11) Llanos G.  Diabetes in the Americas. Bull Pan Am Health Organ. 1994 Dec;28(4):285-301.

12)  Fogelholm M.  Dairy products, meat and sports performance. Sports Med. 2003;33(8):615-31.

13)  Bucci LR.  Ornithine supplementation and insulin release in bodybuilders.  Int J Sport Nutr. 1992 Sep;2(3):287-91.

14)  Fogelholm M.  Low-dose amino acid supplementation: no effects on serum human growth hormone and insulin in male weightlifters. Int J Sport Nutr. 1993 Sep;3(3):290-7.

15)  Tarnopolsky MA. Influence of protein intake and training status on nitrogen balance and lean body mass. J Appl Physiol. 1988 Jan;64(1):187-93.

16)  Tarnopolsky MA.  Evaluation of protein requirements for trained strength athletes. J Appl Physiol. 1992 Nov;73(5):1986-95.

17)  Friedman JE. Effect of chronic endurance exercise on retention of dietary protein. Int J Sports Med. 1989 Apr;10(2):118-23.

18)  Lemon PW.  Protein requirements and muscle mass/strength changes during intensive training in novice bodybuilders.  J Appl Physiol. 1992 Aug;73(2):767-75.

19)  Durant, Will.  History of Civilization, Vol III. Caesar and Christ.  Simon and Schuster, New York, 1944.

20) Tarahumara: http://www.lehigh.edu/dmd1/public/www-data/art.html

21)  Cerqueira MT.  The food and nutrient intakes of the Tarahumara Indians of Mexico.  Am J Clin Nutr. 1979 Apr;32(4):905-15.

22)  Allen NE.  Hormones and diet: low insulin-like growth factor-I but normal bioavailable androgens in vegan men.  Br J Cancer. 2000 Jul;83(1):95-7.

23)  Raben A.  Serum sex hormones and endurance performance after a lacto-ovo vegetarian and a mixed diet.  Med Sci Sports Exerc. 1992 Nov;24(11):1290-7.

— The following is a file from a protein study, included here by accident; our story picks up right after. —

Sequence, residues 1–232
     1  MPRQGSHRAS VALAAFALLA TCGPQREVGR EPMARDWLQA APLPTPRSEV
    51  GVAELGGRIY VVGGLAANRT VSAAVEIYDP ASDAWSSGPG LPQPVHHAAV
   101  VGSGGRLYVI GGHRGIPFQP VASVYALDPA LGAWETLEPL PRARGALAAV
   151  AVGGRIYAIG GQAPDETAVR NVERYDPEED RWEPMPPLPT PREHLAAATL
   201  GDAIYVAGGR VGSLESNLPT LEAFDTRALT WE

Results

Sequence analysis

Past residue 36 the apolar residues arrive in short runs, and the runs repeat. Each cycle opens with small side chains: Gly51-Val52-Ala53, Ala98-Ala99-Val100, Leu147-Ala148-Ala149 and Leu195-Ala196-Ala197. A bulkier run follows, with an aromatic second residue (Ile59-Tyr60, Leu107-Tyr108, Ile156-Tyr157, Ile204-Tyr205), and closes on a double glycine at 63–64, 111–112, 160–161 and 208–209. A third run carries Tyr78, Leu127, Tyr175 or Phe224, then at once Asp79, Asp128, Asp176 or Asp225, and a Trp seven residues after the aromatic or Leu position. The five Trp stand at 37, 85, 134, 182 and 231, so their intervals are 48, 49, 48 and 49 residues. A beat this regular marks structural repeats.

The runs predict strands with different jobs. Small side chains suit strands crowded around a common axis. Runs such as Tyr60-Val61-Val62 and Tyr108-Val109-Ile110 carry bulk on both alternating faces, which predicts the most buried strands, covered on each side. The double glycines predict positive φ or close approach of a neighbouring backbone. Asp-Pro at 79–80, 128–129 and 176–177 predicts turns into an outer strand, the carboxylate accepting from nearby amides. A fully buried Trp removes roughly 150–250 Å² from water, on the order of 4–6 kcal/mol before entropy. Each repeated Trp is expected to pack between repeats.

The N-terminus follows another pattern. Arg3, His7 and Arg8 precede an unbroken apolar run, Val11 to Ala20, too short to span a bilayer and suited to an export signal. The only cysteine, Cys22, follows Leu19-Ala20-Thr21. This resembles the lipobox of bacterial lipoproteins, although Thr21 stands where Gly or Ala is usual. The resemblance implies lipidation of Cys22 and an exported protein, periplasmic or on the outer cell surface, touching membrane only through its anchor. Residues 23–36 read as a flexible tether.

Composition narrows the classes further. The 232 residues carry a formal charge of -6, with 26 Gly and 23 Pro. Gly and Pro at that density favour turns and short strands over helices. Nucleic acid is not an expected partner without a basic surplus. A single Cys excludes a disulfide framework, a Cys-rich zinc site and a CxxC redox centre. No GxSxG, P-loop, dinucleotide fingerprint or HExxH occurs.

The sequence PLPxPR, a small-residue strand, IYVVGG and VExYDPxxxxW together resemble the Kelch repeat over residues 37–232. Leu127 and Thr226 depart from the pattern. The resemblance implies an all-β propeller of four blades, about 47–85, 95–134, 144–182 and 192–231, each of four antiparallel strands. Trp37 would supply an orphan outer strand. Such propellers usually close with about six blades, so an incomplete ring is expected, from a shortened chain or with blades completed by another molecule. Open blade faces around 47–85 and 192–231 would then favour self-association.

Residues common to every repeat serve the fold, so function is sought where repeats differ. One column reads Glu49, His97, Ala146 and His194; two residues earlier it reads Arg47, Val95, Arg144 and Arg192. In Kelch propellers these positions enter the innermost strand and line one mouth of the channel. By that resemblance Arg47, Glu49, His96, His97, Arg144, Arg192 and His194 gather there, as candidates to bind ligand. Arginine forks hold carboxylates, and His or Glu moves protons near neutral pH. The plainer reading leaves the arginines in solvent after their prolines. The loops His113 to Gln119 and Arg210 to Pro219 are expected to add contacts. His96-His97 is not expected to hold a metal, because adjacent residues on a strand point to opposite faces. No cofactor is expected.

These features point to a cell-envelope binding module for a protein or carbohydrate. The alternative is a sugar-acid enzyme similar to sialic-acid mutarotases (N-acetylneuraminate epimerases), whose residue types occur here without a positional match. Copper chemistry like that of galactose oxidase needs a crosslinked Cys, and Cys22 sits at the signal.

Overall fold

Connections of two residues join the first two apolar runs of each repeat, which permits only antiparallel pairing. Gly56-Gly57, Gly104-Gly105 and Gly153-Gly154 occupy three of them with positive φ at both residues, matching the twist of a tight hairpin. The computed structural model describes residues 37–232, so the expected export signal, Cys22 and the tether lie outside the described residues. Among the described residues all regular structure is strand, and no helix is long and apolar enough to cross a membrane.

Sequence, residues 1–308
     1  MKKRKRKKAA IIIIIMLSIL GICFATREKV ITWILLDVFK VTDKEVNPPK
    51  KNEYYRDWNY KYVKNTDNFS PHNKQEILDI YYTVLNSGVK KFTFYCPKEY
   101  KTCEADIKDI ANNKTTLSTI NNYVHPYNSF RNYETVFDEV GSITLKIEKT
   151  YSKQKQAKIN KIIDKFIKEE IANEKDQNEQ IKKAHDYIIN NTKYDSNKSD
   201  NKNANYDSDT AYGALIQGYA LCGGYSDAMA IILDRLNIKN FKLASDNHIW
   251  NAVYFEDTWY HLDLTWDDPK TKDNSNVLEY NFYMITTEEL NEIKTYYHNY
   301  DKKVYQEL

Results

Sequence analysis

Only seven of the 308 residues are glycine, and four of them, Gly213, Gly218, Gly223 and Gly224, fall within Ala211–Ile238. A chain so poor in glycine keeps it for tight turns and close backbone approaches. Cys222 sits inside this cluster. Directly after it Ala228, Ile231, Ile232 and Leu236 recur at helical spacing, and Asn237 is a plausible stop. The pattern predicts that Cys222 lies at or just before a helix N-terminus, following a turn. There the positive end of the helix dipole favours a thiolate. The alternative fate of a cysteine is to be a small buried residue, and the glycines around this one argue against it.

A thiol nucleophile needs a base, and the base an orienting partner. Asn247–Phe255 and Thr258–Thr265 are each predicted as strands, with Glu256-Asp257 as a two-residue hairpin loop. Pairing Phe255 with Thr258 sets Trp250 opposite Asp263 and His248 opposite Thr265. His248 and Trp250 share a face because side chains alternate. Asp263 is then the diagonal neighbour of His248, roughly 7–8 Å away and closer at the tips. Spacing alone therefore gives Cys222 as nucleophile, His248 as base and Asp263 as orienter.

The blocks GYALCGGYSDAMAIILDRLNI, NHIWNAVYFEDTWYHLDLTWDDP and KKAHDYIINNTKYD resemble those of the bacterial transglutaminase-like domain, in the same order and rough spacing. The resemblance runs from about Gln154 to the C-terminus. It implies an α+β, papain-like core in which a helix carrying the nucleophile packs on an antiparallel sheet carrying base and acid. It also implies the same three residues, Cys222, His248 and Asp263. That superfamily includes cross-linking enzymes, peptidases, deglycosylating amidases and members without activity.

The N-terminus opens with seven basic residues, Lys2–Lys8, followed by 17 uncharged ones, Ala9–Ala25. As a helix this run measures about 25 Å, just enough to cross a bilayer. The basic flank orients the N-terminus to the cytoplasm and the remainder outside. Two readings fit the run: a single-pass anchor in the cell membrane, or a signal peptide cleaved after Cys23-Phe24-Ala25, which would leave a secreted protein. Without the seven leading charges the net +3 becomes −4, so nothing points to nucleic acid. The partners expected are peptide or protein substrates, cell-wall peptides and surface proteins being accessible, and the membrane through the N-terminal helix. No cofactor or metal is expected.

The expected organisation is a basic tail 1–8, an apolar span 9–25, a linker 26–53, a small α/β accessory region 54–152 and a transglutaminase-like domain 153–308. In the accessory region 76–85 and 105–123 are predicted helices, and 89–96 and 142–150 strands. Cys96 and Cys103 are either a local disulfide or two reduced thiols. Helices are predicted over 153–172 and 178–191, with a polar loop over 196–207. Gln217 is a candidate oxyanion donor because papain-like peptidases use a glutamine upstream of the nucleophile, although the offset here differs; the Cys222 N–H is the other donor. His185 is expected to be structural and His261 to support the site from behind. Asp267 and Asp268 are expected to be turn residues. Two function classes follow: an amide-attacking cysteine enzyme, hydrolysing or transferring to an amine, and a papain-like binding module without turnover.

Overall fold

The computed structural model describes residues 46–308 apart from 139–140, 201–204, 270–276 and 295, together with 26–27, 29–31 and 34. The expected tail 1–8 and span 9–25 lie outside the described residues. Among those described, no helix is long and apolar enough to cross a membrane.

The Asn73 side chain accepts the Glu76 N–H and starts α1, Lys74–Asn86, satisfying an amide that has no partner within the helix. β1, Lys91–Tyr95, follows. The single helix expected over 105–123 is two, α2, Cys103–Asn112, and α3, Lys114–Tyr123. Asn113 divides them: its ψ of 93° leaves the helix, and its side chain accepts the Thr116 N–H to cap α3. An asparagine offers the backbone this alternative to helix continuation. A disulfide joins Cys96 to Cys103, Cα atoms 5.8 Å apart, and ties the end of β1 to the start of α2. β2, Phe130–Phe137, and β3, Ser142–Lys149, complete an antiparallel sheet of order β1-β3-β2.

24)  Holmes MD.  Dietary correlates of plasma insulin-like growth factor I and insulin-like growth factor binding protein 3 concentrations.  Cancer Epidemiol Biomarkers Prev. 2002 Sep;11(9):852-61.

25)  Nilsen TI.  Adult height and risk of breast cancer: a possible effect of early nutrition. Br J Cancer. 2001 Sep 28;85(7):959-61.

26)  Yu H. Role of the insulin-like growth factor family in cancer development and progression.  J Natl Cancer Inst. 2000 Sep 20;92(18):1472-89.

27)  LeRoith D.  The insulin-like growth factor system and cancer.  Cancer Lett. 2003 Jun 10;195(2):127-37.

28)  Samaras TT.  Impact of height and weight on life span.  Bull World Health Organ. 1992;70(2):259-67.

29)  Samaras TT.  Is height related to longevity?  Life Sci. 2003 Mar 7;72(16):1781-802.

30)  Engeland A.  Height, body mass index, and ovarian cancer: a follow-up of 1.1 million Norwegian women.  J Natl Cancer Inst. 2003 Aug 20;95(16):1244-8.

31) Schouten LJ.  Height, weight, weight change, and ovarian cancer risk in the Netherlands cohort study on diet and cancer. Am J Epidemiol. 2003 Mar 1;157(5):424-33.

 32) Lawlor DA. Associations of adult measures of childhood growth with breast cancer: findings from the British Women's Heart and Health Study.  Br J Cancer. 2003 Jul 7;89(1):81-7.

33)  Giovannucci E.  Height, body weight, and risk of prostate cancer.  Cancer Epidemiol Biomarkers Prev. 1997 Aug;6(8):557-63.

34)  Berkey CS.  Relation of childhood diet and body size to menarche and adolescent growth in girls.  Am J Epidemiol. 2000 Sep 1;152(5):446-52.

35)  Nilsson A.  Hormonal regulation of longitudinal bone growth.  Eur J Clin Nutr. 1994 Feb;48 Suppl 1:S150-8;

36)  Weise M.  Effects of estrogen on growth plate senescence and epiphyseal fusion.  Proc Natl Acad Sci U S A. 2001 Jun 5;98(12):6871-6. Epub 2001 May 29.

37)  Balam G.  A physiological adaptation to undernutrition.  Ann Hum Biol. 1994 Sep-Oct;21(5):483-9.

Email this page to a friend or coworker

   
  You may subscribe to this free McDougall Newsletter at http://www.drmcdougall.com
  Newsletter archive


2003 John McDougall All Rights Reserved


Hit Counter